Say Aloha to Hawaii's Culinary Delights

12/02/2015 04:57 pm ET Updated Dec 06, 2017
high angle view people toasting over dining table with seafood and meat to grill and on plates with various sauces and salads
high angle view people toasting over dining table with seafood and meat to grill and on plates with various sauces and salads

Somewhere over the rainbows and beautiful warm beaches of Hawaii, dreams really do come true for international foodies and wine connoisseurs. This is what I learned during a conversation I recently had with my friend and international travel influencer, Scott Eddy.

I mentioned to Scott that I wanted to visit Hawaii for my winter vacation this year. As a picky eater, however, I expressed my fear towards the traditional Hawaiian cuisine. After all, I didn't know too much about Hawaiian food except that it consisted of a ton of BBQ, spices and Spam. And let's face it - I wasn't too thrilled about frolicking along the sandy, white beaches of Maui in my bikini after eating fried eggs and Spam for breakfast.

After revealing my fear of Spam dishes and unknown spices to Scott, he reassured me that Hawaiian cuisine is actually quite the opposite from what I had described. In fact, he informed me that Hawaii is actually a well-known destination for some of the world's most diverse and delicious meals.

In all fairness, I did assume that the Hawaiian seafood and fish dishes would be exceptional, but I never knew that Hawaii offered different culinary options. Coincidently, Scott had just returned from the Fifth Annual Hawaii Food and Wine Festival (the state's largest culinary event), which featured some of Hawaii's most unique dishes, along with a participant list of more than 100 distinguished chefs, sommeliers, wine/spirit producers and famous food personalities. Curious to find out more about the food offerings, Scott informed me that he tasted a variety of show-stopping Hawaiian dishes and spirits during the festival that left him with a lasting impression (which is a big deal coming from someone who has traveled and tasted cuisines from over 50 different countries).

A Taste of Hawaii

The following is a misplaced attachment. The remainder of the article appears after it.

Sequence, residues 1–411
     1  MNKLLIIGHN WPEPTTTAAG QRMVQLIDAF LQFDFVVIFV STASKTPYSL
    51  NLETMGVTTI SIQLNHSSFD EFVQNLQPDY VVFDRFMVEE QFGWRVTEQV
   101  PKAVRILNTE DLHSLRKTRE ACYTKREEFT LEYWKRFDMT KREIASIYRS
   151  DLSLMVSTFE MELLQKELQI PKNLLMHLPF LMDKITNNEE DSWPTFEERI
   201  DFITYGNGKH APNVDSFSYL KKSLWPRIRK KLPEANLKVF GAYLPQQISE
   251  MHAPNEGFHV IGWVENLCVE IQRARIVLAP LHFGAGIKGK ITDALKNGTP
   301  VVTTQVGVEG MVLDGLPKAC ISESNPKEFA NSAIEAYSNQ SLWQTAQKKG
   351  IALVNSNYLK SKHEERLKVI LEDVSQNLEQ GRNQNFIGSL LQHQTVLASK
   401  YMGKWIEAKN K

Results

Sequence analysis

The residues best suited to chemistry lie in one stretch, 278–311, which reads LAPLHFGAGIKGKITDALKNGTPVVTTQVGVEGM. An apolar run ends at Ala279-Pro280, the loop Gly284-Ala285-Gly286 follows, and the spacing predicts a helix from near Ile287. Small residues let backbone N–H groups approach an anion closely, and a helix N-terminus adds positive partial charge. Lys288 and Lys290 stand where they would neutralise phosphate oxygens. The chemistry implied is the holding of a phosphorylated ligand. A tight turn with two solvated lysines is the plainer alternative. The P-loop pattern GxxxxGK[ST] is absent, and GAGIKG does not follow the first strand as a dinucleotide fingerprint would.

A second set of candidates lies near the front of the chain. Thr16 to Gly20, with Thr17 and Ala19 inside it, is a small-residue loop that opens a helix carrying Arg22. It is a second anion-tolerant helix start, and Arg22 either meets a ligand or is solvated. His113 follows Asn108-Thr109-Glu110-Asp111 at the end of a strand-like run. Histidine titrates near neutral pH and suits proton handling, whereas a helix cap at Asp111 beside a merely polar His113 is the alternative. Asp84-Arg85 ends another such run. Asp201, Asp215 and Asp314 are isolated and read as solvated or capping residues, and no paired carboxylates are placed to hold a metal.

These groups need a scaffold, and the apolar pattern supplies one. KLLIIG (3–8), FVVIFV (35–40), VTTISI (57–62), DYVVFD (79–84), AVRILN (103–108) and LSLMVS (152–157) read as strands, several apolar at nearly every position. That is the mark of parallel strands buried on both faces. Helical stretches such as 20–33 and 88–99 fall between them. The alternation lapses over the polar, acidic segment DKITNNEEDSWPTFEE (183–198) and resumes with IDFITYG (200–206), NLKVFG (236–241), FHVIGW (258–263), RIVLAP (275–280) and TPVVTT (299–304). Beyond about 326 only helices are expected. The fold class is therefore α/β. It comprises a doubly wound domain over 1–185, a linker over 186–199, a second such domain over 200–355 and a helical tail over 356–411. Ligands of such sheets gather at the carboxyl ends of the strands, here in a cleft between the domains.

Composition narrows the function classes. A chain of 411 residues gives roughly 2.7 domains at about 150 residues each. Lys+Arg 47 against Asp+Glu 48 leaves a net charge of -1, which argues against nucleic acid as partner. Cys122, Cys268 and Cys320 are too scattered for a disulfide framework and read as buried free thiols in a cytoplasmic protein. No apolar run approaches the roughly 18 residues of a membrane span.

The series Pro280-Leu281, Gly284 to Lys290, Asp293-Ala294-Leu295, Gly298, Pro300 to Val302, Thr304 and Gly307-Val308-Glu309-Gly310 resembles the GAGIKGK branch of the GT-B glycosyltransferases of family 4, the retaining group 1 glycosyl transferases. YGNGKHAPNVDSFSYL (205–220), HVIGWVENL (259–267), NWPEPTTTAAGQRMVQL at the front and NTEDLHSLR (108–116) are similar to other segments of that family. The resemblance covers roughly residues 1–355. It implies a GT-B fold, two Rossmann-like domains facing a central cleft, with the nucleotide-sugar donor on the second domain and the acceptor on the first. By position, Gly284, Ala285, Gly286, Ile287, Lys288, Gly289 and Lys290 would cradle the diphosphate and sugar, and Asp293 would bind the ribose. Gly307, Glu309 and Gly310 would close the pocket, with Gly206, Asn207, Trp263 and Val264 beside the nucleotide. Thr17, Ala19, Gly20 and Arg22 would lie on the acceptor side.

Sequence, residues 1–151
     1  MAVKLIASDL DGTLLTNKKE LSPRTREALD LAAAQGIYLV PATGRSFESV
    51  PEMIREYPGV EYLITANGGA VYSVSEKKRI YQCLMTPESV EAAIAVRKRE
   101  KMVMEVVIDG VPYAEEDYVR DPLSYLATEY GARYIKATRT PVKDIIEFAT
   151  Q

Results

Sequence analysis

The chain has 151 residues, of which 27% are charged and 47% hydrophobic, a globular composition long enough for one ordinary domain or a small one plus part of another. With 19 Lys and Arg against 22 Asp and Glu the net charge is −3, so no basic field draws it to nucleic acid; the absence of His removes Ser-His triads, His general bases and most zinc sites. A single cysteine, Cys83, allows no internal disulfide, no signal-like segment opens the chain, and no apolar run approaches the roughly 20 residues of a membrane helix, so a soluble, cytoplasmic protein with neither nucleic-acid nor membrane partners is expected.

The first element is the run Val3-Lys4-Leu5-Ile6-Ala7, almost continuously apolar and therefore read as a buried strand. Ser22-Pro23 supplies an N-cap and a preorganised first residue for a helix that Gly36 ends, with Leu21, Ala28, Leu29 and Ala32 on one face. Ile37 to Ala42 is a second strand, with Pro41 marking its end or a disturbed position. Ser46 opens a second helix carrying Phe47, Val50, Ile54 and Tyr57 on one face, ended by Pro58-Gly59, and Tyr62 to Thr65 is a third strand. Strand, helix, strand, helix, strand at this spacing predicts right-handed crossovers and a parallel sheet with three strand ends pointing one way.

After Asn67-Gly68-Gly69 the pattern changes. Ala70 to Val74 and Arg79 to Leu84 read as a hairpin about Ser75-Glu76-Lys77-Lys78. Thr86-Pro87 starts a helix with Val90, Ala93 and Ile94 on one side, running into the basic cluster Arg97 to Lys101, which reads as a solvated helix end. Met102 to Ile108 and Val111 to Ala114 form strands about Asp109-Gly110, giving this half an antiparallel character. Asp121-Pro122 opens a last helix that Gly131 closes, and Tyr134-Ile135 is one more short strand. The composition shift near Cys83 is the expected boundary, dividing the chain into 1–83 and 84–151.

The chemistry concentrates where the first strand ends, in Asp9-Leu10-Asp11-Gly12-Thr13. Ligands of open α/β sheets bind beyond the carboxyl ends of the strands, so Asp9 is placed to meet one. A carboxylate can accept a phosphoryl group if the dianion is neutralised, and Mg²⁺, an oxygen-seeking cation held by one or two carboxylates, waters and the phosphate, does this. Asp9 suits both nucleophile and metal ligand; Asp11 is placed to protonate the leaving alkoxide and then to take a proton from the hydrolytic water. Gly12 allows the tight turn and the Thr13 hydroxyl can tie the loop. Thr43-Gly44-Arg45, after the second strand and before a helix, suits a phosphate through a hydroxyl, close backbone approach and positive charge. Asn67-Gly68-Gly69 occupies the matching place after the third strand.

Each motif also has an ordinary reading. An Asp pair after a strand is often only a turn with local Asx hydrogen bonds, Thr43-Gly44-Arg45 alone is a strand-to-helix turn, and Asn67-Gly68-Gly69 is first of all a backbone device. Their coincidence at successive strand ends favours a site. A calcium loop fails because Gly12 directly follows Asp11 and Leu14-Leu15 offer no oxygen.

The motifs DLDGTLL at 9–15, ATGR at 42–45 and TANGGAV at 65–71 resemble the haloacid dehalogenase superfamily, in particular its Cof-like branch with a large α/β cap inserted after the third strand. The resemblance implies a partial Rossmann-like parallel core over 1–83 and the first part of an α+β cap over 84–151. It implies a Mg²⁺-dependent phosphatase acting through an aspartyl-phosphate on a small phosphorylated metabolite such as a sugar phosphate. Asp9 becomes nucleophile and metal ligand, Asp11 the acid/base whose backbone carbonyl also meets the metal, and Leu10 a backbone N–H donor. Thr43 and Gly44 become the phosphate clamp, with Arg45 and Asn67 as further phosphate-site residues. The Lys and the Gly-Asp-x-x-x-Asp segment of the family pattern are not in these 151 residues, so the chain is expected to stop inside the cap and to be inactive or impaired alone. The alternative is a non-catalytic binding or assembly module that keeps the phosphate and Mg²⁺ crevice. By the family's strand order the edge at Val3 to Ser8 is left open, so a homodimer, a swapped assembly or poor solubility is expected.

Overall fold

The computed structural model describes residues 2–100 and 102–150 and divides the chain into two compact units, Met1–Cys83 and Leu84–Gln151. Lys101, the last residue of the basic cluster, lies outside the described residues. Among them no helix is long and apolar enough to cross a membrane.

Scott's most notable dishes from the Hawaii Food and Wine Festival were prepared by Chef Ryan Luckey of Leilani's on the Beach. He mentioned that he tasted an exceptional Hawaiian Ahi Poke (a traditional Hawaiian food prepared with marinated ahi tuna) that consisted of fresh avocado, kukui nuts, local ogo, shaved Maui onions and crispy taro chips. My mouth began to water just thinking about the texture and taste of this unique Ahi Poke cuisine.

In addition to the Ahi Poke, Scott also told me about the delicious local tomatoes in the burrata. This particular burrata was unique because it was prepared with local Maui Cheese Co. mozzarella, Hana fresh tomatoes, pickled onions, radishes, basil oil and a pinch of lava salt.

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Finally, Scott raved about the gnocchi freshly prepared with Maui onions, a variety of fresh herbs and wine reduction. He also didn't fail to mention that all of these diverse and delectable meals were paired with a glass of vibrant Viognier from California's Simpson Miner Family Vineyard, a super crisp wine with hints of fresh honeysuckle, Meyer lemon and citron peel.

High Spirits in Hawaii

If all the food talk wasn't enough, Scott certainly raised my spirits when he mentioned that the 'most innovative stroke of pure genius' during the Hawaii Food and Wine Festival came from the Hali'maile Distilling Company. This local Hawaiian distillery is nestled in the middle of pineapple fields that have been harvested for over a century with the world's best pineapples.

The distillery's Pau Maui Vodka (the original Pau Vodka can be purchased on US mainland) is distilled using the famous Maui Gold Pineapples. You can also find a variety of freshly made spirits such as oaked vodka and coffee whiskey. The extra sweet Maui pineapples also provide a great start for fermentation due to their high sugar content.

Who's ready for a drink?

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Clearly, my perception of Hawaiian cuisine was skewed. While BBQ, Spam and spices commonly make up local Hawaiian dishes, a number of diverse and freshly prepared food offerings can also be found across the beautiful islands of Hawaii. Talking to Scott certainly raised my travel spirits and excitement for my trip. Now, I can't wait to raise a glass of Viognier and cheers to discovering new cuisines and spirits in Hawaii!